Every year we pick our favourite books that we can’t stop recommending to people. Check them out below!
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A God in Ruins by Kate Atkinson
A God in Ruins is the companion novel to Life After Life which features Ursula Todd – as she lives her life over and over again – trying to get things right. A God in Ruins turns its attention to the much-loved Teddy, Ursula’s younger brother. Teddy is recruited as an RAF bomber pilot in the WWII and has accepted the fact he would die during the war. However, when the war is over, and he is still alive, he must adjust to a life he never thought he would live.
-Theresa de Sousa, Richmond Public Library
The Almost Nearly Perfect People: Behind the Myth of the Scandinavian Utopia by Michael Booth
Although I’m half Danish, I don’t know that much about the Nordic/Scandinavian countries, so this book was a light and engaging way to learn a little history, politics, sociology and psychology – along with some entertaining travel stories. The author is a British travel writer who lives with his Danish wife in Denmark. His writing is great: funny, quirky, and enlightening.
-Jenny Fry, Surrey Libraries
Melanie loves school, especially when Miss Justineau reads the class Greek myths, but it doesn’t matter that she is smart and inquisitive. Not only is she kept in a cell, restrained in a wheelchair, watched by armed soldiers, she is also going to be dissected soon.
A haunting post-apocalyptic tale with superb world building.
-Virginia McCreedy, Port Moody Library
This book is a wander through the strange world of caffeine, touching on history, science, commerce, globalization, and politics. It is both an expose and a love story, complex yet still unable to catch the full range of complexities caffeine embodies. This fascinating book is a good, light read for people who like the micro-history format or anyone who is willing to examine their caffeine habit a little bit closer.
-Anna Ferri, West Vancouver Memorial Library
Marie-Laure is 12 and blind when Nazis invade Paris. She and her father flee to the walled waterfront city Saint-Malo with a most valuable and dangerous item in their possession. Young orphan Werner grows up in a German orphanage. Skilled at fixing radios, he finds himself tracking the resistance for the Nazis. The war brings him to Saint-Malo where his life and Marie-Laure’s converge. This story was a beautiful, suspenseful, illuminating perspective on WW2.
-Meghan Savage, Surrey Libraries
This dazzling novel centres around twelve sisters in Prohibition-era New York. While their repressive father plots to marry them off, the sisters, led by the eldest, Jo, begin sneaking out to dance in night clubs and speak-easies. An elegant and non-magical retelling of the Twelve Dancing Princesses fairy tale, this novel is full of emotionally complex relationships, brought to vivid life with Genevieve Valentine’s deft storytelling and lyrical language.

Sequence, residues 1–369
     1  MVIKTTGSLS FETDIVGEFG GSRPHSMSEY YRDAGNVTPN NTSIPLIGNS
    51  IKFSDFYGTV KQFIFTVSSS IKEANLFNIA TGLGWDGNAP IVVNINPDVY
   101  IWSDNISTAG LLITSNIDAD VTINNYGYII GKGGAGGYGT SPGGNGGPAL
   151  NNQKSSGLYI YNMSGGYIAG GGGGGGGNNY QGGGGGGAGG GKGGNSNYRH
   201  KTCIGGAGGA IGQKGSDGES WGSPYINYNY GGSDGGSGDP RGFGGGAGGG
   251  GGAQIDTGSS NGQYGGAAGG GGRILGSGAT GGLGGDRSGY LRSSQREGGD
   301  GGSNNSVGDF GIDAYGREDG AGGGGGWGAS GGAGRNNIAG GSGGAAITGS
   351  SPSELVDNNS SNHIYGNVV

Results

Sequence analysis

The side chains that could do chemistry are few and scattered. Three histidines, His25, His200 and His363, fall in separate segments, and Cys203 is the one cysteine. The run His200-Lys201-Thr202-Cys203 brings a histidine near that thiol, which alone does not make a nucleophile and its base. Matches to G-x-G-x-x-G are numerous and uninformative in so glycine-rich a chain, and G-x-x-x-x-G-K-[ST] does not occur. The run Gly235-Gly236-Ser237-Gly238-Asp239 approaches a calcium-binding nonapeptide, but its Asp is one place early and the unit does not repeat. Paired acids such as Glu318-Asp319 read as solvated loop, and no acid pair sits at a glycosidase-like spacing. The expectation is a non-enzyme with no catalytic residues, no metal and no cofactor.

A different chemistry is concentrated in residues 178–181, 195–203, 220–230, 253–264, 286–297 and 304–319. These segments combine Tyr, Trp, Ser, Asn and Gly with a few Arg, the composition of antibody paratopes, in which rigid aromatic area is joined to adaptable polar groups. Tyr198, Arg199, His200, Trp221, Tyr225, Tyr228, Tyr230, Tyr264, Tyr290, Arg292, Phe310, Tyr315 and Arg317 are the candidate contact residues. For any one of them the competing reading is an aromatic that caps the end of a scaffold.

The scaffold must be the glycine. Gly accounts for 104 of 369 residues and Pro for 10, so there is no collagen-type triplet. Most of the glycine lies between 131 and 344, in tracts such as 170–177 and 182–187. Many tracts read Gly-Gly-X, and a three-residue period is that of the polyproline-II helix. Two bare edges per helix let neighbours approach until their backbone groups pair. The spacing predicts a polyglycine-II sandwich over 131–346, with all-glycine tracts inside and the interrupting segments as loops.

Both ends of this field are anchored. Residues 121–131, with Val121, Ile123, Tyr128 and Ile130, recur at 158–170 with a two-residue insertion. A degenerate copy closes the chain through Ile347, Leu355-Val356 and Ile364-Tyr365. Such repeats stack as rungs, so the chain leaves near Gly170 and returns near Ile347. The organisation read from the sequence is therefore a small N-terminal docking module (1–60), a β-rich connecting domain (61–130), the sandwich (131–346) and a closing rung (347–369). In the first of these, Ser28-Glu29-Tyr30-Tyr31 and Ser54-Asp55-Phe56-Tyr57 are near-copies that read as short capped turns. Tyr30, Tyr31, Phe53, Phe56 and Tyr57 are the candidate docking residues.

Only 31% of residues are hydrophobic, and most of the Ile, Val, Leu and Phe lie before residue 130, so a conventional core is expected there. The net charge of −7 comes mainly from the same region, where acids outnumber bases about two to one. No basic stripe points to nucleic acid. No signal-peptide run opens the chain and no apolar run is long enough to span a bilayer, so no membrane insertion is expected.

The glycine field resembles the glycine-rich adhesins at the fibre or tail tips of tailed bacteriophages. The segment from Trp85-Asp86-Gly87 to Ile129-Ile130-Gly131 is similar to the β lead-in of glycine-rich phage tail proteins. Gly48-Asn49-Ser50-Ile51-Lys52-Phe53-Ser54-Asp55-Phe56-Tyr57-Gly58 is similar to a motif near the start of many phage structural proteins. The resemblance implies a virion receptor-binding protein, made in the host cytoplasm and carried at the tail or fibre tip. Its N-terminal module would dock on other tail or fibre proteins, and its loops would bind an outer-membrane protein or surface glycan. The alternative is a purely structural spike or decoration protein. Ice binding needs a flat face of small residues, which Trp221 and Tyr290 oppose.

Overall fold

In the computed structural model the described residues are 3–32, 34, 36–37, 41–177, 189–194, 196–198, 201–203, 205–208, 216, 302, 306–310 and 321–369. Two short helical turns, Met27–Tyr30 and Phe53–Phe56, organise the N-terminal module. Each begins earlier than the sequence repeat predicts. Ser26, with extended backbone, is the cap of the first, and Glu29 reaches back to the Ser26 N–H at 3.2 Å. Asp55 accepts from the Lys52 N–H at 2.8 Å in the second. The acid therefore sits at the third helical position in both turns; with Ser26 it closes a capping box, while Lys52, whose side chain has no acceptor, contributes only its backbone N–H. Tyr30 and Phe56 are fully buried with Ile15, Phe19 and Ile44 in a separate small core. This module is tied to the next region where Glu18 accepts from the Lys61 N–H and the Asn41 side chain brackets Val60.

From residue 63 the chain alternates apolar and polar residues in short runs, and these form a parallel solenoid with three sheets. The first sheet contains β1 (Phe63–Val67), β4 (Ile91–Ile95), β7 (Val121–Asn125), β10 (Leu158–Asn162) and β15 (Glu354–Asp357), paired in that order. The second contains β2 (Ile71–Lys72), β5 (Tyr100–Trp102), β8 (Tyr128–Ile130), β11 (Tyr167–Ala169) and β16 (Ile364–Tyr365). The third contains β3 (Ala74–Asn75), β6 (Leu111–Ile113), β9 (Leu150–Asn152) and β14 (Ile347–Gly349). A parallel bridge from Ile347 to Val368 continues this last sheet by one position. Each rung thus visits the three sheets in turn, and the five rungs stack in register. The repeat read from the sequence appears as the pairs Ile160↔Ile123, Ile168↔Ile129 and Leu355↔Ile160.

-Chloe Riley, UBC School of Library Archival and Information Studies
The Woman Who Borrowed Memories by Tove Jansson
Perhaps best known for her Moomins books, this volume introduces English readers to the first major collection of Jansson’s short fiction. One of the major themes running through the stories is characters in physical or emotional isolation. This would be a good, representative collection for fans of short-stories and Scandinavian literature.
-Caroline Crowe, Vancouver Public Library
Americanah by Chimamanda Ngozi Adichie
Americanah is the work of a masterful storyteller: thoughtful, witty and irreverent. It is a novel of ideas: race, aspiration, and nationality. It is also a star-crossed love story that wends its way across three continents and three decades. Original and absorbing.
-Tara Matsuzaki, West Vancouver Memorial Library
Station Eleven by Emily St. John Mandel
A post-apocalyptic literary thriller with beautiful writing, compelling characters, and a stand-out plot. Even if you are sick of dystopian novels, you’ll want to read this.
-Heidi Schiller, North Vancouver City Library
A quirky, edgy memoir by the creator and star of HBO’s Girls. Dunham examines her life from childhood, dating, and college life to fame and fortune through individual essays that are humourous, dark, and thought provoking.
-Sarah Dearman, Fraser Valley Regional Library
This novel tells the story of Bartholomew Neil and his struggle to find meaning after the death of his mother. Written as a series of letters to Richard Gere after Bartholomew finds a “Free Tibet” postcard in his mother’s drawer, this book is quirky, funny and philosophical and makes for a great departure from the ordinary.
-Michelle Whitehead, Greater Victoria Public Library
Mark Watney may not have been the first human on Mars, but he might be the last. Left behind when the rest of his team was forced to evacuate, Mark must use all of his ingenuity to stay alive until, or if, help will arrive. Funny, gripping, and you’ll never have wanted more for someone to succeed in their attempts to grow potatoes.
-Matthew Murray, UBC School of Library Archival and information Studies
A powerful, sweeping novel with unforgettable characters that tells the story of Newfoundland’s first premier. Don’t let the subject fool you – Joey Smallwood and Sheilagh Fielding will stay with you long after you finish the book – which is just as rewarding a read the second time around.
-Shelley Wilson-Roberts, New Westminster Public Library